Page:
Extreme multi-label text classification (XMTC) is the task of finding the most relevant subset labels from an extremely large-scale label collection. Recently, some deep learning models have achieved state-of-the-art results in XMTC tasks. These models commonly predict scores for all labels by a fully connected layer as the last layer of the model. However, such models can’t predict a relatively complete and variable-length label subset for each document, because they select positive labels relevant to the document by a fixed threshold or take top k labels in descending order of scores. A less popular type of deep learning models called sequence-to-sequence (Seq2Seq) focus on predicting variable-length positive labels in sequence style. However, the labels in XMTC tasks are essentially an unordered set rather than an ordered sequence, the default order of labels restrains Seq2Seq models in training. To address this limitation in Seq2Seq, we propose an autoregressive sequence-to-set model for XMTC tasks named OTSeq2Set. Our model generates predictions in student-forcing scheme and is trained by a loss function based on bipartite matching which enables permutation-invariance. Meanwhile, we use the optimal transport distance as a measurement to force the model to focus on the closest labels in semantic label space. Experiments show that OTSeq2Set outperforms other competitive baselines on 4 benchmark datasets. Especially, on the Wikipedia dataset with 31k labels, it outperforms the state-of-the-art Seq2Seq method by 16.34% in micro-F1 score. The code is available at https://github.com/caojie54/OTSeq2Set.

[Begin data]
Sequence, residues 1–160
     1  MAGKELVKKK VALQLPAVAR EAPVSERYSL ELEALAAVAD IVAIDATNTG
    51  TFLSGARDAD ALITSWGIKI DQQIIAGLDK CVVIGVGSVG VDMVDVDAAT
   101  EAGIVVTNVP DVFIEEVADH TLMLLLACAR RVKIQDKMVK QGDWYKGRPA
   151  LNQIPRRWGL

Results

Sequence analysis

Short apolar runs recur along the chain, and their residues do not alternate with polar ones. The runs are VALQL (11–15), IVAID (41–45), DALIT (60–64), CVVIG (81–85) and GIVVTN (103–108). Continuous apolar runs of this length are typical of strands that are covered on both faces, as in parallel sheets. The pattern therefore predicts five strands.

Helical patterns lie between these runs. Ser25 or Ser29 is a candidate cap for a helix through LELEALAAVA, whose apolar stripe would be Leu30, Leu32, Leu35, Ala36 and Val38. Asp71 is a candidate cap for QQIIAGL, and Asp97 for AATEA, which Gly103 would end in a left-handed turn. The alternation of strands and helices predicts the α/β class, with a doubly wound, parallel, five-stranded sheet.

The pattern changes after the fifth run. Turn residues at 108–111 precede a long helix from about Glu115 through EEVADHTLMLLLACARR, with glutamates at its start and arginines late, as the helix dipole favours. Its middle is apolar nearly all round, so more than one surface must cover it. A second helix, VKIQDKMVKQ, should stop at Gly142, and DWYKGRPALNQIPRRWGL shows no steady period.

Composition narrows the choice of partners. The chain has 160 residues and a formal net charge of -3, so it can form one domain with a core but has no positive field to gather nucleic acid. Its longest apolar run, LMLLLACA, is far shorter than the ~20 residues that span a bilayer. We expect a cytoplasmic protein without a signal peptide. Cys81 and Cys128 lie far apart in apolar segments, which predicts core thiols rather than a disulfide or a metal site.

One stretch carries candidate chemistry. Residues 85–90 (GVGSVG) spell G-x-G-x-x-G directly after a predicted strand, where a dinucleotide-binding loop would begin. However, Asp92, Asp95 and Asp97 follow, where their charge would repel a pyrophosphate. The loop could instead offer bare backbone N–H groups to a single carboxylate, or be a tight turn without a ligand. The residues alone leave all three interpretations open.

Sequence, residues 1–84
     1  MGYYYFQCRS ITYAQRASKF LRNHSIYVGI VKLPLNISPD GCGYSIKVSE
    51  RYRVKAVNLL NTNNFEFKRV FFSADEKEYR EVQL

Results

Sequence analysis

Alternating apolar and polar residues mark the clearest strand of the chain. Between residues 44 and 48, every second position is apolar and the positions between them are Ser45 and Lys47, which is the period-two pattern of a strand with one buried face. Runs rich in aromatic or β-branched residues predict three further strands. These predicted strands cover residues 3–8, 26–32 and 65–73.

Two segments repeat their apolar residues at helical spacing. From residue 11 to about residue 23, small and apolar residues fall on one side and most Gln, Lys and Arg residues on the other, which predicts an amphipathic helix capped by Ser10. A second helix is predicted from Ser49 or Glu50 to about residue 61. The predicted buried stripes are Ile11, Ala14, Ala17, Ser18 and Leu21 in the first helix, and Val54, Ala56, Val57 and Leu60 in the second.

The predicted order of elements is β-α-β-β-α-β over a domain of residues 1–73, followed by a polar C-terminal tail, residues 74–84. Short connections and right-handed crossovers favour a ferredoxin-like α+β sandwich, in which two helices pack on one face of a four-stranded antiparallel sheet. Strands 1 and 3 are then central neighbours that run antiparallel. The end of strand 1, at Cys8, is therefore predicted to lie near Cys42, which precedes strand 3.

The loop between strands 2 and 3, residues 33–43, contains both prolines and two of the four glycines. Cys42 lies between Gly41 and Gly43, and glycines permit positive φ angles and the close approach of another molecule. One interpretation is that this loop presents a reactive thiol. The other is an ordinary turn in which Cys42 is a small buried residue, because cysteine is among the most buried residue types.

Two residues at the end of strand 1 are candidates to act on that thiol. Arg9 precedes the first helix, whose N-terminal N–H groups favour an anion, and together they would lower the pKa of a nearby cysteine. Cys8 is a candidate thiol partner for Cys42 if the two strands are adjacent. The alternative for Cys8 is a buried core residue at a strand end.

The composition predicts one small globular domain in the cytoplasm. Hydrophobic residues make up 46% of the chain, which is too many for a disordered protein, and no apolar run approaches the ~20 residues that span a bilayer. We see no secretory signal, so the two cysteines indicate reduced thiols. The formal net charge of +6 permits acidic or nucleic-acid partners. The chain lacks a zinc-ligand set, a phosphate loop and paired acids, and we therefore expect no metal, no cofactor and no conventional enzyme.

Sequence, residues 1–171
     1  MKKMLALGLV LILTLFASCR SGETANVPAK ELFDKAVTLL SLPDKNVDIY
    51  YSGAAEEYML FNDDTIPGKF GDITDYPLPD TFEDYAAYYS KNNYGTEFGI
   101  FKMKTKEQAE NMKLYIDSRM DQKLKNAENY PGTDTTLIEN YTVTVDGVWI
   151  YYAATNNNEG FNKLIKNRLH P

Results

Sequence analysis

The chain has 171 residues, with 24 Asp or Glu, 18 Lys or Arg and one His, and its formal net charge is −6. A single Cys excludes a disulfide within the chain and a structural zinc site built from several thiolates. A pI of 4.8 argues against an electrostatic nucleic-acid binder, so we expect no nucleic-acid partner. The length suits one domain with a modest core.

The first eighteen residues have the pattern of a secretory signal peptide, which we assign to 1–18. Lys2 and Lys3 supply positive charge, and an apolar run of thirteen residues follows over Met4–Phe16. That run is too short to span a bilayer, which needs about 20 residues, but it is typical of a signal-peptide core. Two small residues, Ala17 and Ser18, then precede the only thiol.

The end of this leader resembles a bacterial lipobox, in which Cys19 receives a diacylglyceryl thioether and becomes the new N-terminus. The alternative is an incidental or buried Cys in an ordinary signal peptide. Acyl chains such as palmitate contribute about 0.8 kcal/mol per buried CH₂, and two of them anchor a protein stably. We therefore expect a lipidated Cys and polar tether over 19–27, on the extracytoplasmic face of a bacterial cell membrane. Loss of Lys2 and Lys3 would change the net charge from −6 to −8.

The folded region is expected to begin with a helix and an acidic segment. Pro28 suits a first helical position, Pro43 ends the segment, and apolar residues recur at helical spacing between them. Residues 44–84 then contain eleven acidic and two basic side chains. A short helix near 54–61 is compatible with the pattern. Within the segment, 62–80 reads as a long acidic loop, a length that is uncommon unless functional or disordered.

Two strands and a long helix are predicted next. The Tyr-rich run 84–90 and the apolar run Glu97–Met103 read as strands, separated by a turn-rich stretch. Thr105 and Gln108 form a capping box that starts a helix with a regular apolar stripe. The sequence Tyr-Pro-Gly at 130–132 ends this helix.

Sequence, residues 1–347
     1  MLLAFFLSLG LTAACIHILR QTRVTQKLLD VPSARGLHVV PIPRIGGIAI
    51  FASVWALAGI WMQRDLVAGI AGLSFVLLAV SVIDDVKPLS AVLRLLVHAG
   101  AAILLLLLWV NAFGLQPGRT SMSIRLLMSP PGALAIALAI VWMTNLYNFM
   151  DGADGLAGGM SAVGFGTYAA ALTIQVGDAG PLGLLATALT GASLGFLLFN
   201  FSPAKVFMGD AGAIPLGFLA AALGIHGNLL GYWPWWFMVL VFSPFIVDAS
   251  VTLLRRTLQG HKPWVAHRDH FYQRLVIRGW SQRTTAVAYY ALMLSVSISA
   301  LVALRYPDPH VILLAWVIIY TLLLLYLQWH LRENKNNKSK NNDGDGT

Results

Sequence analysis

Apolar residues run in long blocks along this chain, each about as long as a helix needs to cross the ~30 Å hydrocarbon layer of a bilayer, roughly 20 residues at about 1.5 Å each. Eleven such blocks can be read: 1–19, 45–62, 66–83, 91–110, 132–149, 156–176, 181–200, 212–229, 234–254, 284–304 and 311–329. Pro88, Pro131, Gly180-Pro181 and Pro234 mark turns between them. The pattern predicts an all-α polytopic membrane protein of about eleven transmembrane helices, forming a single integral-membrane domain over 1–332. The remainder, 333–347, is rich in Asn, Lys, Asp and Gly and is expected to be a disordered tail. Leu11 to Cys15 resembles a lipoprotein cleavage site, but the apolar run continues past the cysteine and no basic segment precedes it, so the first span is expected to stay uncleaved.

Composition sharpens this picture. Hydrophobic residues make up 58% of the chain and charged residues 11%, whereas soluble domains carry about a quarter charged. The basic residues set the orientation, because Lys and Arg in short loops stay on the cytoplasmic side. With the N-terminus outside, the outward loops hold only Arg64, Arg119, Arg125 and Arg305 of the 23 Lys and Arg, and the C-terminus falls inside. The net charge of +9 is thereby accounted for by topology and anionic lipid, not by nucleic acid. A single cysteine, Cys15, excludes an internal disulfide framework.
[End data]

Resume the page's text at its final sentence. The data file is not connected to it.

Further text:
KACE: Generating Knowledge Aware Contrastive Explanations for Natural Language Inference
Qianglong Chen | Feng Ji | Xiangji Zeng | Feng-Lin Li | Ji Zhang | Haiqing Chen | Yin Zhang
Proceedings of the 59th Annual Meeting of the Association for Computational Linguistics and the 11th International Joint Conference on Natural Language Processing (Volume 1: Long Papers)

In order to better understand the reason behind model behaviors (i.e., making predictions), most recent works have exploited generative models to provide complementary explanations. However, existing approaches in NLP mainly focus on “WHY A” rather than contrastive “WHY A NOT B”, which is shown to be able to better distinguish confusing candidates and improve data efficiency in other research fields.In this paper, we focus on generating contrastive explanations with counterfactual examples in NLI and propose a novel Knowledge-Aware Contrastive Explanation generation framework (KACE).Specifically, we first identify rationales (i.e., key phrases) from input sentences, and use them as key perturbations for generating counterfactual examples. After obtaining qualified counterfactual examples, we take them along with original examples and external knowledge as input, and employ a knowledge-aware generative pre-trained language model to generate contrastive explanations. Experimental results show that contrastive explanations are beneficial to fit the scenarios by clarifying the difference between the predicted answer and other possible wrong ones. Moreover, we train an NLI model enhanced with contrastive explanations and achieves an accuracy of 91.9% on SNLI, gaining improvements of 5.7% against ETPA (“Explain-Then-Predict-Attention”) and 0.6% against NILE (“WHY A”).